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I was just thinking that John should use 1NT over an opening 1NT as a transfer to diamonds and 1 over 1NT as a transfer to clubs. That might keep the bidding one level lower on the bad hands.
April 22, 2016
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One other alternative:

http://bridgewinners.com/article/view/visual-creator-for-hand-viewer-and-play-out-the-hand-tool/

I haven't tried it, but it looks promising.
April 12, 2016
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Yes, yes, but look at the bright side. He always seems to be available when I come to the table. He doesn't play slowly, which is much more frustrating than not playing well. He doesn't play any worse at the end of a long session than he plays at the beginning – certainly not true of me. He doesn't object if I choose to answer the phone or take a minute to watch an instant re-play on TV mid-game. He doesn't make a habit of pointing out my errors – even the obvious ones. And no matter how much (deserved) verbal abuse I heap on him for his mis-bidding and mis-defense, he's always willing to sit down opposite me the next time I show up.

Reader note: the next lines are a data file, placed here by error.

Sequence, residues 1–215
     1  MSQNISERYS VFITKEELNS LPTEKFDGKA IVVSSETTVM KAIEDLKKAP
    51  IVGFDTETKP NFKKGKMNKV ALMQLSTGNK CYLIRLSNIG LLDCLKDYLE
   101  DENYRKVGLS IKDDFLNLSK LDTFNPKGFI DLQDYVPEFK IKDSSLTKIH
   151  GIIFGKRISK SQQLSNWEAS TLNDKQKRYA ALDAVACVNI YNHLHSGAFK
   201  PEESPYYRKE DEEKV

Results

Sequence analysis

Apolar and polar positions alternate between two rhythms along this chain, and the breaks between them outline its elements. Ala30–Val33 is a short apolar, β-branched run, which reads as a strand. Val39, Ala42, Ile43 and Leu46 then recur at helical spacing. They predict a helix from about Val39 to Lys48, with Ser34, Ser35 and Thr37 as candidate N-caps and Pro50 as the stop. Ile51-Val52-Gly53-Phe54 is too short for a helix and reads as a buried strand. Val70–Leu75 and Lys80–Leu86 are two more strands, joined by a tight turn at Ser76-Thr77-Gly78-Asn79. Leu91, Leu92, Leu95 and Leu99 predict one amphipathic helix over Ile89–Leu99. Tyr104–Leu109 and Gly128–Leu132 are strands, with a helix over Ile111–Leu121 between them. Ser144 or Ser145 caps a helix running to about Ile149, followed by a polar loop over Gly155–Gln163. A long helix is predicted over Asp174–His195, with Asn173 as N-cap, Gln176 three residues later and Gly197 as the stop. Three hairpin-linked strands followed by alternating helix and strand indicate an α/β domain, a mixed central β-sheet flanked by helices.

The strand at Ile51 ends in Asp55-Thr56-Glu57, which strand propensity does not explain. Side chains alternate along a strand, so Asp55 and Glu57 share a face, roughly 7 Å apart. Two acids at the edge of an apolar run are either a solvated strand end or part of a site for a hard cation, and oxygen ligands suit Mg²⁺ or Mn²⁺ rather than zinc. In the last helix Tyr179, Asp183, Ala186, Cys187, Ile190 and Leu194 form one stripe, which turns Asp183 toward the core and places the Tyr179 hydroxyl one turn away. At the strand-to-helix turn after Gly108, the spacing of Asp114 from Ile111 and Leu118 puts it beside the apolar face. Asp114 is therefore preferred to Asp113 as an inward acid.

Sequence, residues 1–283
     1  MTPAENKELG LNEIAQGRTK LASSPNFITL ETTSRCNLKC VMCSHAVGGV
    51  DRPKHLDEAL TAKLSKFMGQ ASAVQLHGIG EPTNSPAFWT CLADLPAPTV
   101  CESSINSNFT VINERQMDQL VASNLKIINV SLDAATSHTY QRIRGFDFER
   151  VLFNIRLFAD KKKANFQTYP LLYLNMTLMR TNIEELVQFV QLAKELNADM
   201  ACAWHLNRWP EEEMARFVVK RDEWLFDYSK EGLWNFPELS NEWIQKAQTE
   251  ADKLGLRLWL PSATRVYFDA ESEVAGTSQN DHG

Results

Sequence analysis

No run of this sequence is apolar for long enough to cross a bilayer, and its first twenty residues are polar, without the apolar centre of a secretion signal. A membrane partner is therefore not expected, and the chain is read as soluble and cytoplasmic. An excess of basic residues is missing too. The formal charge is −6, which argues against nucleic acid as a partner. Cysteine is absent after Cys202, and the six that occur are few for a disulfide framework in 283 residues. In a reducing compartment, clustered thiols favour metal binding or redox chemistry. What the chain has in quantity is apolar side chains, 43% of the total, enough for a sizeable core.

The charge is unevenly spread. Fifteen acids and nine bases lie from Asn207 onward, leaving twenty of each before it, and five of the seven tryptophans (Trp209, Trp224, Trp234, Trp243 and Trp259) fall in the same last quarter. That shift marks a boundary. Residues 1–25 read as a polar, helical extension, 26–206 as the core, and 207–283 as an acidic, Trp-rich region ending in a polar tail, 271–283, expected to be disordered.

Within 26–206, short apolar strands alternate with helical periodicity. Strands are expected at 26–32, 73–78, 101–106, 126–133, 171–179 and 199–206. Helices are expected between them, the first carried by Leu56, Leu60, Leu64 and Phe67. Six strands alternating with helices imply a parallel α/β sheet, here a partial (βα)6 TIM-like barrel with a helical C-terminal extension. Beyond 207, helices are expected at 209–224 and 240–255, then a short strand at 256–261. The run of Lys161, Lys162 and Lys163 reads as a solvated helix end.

March 23, 2016
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This was board 12 of the common game on March 6th.

http://bridgewinners.com/article/view/common-game-2016-03-06-board-12/

The early voting favors a pass, which was my choice at the table. 2 became the final contract. Partner chose to pass in the balancing seat with K7654 Q10 A6 10942, which I also think is quite reasonable. But about half the N/S pairs got to a making 4 contract, so our result was under 50%.
March 10, 2016
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North has awfully high standards for opening the bidding. Nice hand though!
Dec. 22, 2015